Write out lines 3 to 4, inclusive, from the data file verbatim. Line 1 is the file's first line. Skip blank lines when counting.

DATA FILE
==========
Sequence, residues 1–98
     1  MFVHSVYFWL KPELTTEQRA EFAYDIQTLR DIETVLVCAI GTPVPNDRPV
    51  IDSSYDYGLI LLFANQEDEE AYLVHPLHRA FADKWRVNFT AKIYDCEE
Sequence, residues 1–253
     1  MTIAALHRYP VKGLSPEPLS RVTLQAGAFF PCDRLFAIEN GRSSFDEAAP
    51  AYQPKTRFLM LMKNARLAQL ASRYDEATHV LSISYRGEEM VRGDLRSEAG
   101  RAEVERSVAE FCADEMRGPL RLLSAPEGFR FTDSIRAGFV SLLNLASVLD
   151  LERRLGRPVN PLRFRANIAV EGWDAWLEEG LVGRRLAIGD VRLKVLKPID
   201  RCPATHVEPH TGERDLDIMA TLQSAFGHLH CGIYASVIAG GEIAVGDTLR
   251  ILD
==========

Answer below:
    51  IDSSYDYGLI LLFANQEDEE AYLVHPLHRA FADKWRVNFT AKIYDCEE
Sequence, residues 1–253